Reminders, such as notes on the fridge with reminders to eat, bathe, or take on another activity will help ingrain routines.  Visual cues are recommended if he or she does not understand words.  Cues such as placing a tooth brush on the counter as a reminder to brush, or laying out clothes for the day will make these tasks easier to remember.

It is important to gauge how much help is required for a person with dementia. Sometimes the person will need help but will insist on doing it independently. Resist completing the task for him or her as it can be discouraging and make the task harder to do in the future.  Completing tasks together with a friend or loved one with dementia helps him or her to feel more in control and more involved. Remember to be patient, be encouraging, and try to maintain your sense of humour.

For a complete list of tips to make routines simpler, check the Alzheimer's Society of UK's maintaining everyday skills webpage.

Sleep Troubles

Sleep disorders are common in people with dementia, and these problems affect everyone in the household.  Someone with dementia may wake up more frequently than normal and may also have a tougher time falling back to sleep.  When awake, the person may wander, call out, or generally be restless.  At times, someone with dementia might sleep more during the day and may eventually not be able to sleep during the night.  In extreme cases this can lead to a complete reversal of his or her sleep pattern, and a period of restlessness and agitation in the late afternoon or early evening referred to as “sundowning.”  Other medical conditions, such as depression or sleep apnea, can also contribute to these sleep issues.

There are a variety of medical and non-medical treatments for sleep disturbances. Non medication approaches can include getting regular exercise and avoiding substances like alcohol, nicotine, or caffeine.  Make sure that the bedroom is a comfortable temperature and that daytime clothing is out of sight, so that it does not provide a trigger to get dressed. Avoid administering medications that may interrupt sleep before bedtime, such as cholinesterase inhibitors.  If a loved one with dementia does wake up, encourage him or her to get out of bed and do something quiet like read or listen to relaxing music.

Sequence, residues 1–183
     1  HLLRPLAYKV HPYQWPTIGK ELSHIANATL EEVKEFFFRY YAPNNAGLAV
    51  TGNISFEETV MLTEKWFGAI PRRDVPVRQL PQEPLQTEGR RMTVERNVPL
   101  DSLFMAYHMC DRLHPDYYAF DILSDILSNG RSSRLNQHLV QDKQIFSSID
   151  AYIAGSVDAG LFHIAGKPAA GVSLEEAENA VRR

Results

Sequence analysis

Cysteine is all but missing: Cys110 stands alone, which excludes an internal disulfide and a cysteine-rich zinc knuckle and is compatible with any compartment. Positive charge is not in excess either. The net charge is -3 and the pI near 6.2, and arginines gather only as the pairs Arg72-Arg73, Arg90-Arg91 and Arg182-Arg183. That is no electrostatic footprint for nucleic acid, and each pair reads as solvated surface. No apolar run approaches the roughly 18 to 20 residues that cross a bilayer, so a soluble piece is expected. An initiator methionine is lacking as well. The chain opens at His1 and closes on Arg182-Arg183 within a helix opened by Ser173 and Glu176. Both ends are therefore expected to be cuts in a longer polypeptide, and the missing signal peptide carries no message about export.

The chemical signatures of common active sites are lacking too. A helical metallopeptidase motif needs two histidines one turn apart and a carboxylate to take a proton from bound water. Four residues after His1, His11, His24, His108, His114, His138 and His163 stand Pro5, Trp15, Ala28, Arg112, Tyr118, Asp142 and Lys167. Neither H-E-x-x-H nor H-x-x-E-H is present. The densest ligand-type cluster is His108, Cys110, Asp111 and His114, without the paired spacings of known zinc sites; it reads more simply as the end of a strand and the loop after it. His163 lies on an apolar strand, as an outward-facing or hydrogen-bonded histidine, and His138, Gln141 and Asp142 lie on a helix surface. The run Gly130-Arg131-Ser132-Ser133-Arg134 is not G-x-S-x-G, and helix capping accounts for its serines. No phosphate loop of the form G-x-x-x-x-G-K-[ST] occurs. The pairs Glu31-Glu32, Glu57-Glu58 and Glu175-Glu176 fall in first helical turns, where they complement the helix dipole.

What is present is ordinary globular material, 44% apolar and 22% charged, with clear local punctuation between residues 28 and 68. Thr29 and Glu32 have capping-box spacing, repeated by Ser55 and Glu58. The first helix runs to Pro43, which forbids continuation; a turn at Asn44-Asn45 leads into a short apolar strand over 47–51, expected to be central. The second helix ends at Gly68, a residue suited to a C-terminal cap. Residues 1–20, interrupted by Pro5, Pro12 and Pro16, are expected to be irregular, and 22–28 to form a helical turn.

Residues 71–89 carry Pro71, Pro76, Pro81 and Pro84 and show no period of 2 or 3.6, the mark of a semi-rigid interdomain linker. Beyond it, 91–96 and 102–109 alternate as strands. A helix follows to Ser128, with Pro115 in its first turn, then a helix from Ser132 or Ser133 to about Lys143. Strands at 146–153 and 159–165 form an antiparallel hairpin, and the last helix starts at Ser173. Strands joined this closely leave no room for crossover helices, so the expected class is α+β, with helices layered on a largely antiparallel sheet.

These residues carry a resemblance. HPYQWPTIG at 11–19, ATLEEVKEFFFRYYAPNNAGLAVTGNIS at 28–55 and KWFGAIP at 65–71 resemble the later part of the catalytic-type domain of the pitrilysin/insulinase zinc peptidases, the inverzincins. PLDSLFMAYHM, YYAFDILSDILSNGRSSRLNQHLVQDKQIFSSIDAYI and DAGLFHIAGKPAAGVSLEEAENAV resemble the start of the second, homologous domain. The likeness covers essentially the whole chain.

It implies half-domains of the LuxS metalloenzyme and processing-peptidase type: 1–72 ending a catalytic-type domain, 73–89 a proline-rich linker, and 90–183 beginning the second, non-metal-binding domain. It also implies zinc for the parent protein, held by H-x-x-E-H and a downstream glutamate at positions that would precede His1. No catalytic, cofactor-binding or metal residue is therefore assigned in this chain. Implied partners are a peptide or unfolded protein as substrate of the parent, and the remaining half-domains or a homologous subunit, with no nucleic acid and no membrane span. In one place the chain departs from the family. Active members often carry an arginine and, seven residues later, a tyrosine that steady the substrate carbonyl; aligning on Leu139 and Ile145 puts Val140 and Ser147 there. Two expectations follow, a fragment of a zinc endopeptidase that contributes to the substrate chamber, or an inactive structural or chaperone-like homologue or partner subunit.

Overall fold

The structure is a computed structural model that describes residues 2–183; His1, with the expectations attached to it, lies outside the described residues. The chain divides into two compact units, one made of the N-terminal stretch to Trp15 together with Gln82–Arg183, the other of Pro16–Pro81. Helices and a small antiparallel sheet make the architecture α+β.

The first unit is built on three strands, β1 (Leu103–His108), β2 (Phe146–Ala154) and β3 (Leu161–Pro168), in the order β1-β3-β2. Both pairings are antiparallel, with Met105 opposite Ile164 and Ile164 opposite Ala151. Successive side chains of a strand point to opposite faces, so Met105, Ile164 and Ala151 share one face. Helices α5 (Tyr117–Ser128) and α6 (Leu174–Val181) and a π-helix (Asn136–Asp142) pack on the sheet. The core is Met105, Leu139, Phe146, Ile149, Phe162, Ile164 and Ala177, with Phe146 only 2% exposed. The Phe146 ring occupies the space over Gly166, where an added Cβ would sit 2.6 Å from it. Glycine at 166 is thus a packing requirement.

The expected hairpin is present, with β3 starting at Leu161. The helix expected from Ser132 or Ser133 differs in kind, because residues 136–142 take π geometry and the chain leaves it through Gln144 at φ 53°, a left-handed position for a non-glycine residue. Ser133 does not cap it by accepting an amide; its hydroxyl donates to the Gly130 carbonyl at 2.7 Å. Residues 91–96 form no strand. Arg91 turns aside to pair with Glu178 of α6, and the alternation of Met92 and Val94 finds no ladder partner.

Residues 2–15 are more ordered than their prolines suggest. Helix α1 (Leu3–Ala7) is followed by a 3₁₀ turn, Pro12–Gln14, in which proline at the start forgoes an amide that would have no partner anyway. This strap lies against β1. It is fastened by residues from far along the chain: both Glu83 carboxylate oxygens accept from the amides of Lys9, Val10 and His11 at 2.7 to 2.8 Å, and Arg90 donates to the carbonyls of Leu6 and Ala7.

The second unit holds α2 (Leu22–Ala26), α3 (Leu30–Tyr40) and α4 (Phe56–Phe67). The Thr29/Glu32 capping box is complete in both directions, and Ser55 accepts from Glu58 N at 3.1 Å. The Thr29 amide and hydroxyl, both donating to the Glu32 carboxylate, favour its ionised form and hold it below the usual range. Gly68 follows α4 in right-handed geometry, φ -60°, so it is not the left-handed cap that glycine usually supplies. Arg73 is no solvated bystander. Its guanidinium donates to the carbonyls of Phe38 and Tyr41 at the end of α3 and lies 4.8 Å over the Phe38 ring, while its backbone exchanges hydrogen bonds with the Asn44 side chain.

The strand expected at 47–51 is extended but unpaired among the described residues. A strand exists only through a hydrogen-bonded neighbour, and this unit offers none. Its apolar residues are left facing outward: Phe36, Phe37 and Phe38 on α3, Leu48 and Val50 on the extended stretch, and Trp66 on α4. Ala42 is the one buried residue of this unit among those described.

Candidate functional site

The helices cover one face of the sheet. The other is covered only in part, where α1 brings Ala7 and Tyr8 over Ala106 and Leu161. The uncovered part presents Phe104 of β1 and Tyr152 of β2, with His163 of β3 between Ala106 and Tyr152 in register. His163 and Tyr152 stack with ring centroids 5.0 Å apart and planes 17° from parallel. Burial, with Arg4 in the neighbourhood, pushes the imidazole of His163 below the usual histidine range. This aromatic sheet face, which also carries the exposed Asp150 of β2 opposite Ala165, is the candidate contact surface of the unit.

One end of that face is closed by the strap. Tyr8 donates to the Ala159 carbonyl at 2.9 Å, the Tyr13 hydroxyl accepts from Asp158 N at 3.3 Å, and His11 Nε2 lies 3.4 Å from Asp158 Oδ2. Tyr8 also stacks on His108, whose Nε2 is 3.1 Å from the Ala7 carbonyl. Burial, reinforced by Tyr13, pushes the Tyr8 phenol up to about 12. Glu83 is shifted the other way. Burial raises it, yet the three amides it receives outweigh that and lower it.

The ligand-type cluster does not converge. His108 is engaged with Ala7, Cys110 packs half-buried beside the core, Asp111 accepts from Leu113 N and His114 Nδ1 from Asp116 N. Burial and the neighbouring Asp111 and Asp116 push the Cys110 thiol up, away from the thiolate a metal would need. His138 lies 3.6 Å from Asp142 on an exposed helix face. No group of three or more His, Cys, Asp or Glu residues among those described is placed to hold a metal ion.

Medications to treat sleep problems are only recommended on a short term basis; they do not appear to improve quality of sleep in older adults, and can often produce negative side effects like increased chance of falls and other health risks. Make sure to consult with a doctor and ask lots of questions about the medications available, any potential interactions with other medications, and the benefits and risks associated with the prescription sleep aids.

Communicating With a Loved One

Engaging in meaningful interactions contributes to maintaining the quality of life for persons with dementia.  This can be challenging, however, as the dementia progresses and communication becomes more difficult.  Common issues are being unable to find the right words, losing a train of thought, or having trouble understanding what others are saying. In the early stages of dementia, there are several methods available to minimize frustration.  Avoid interruptions as doing so can cause confusion and distress, avoid asking questions that require good memory, give the person time to respond, and limit distractions as much as possible.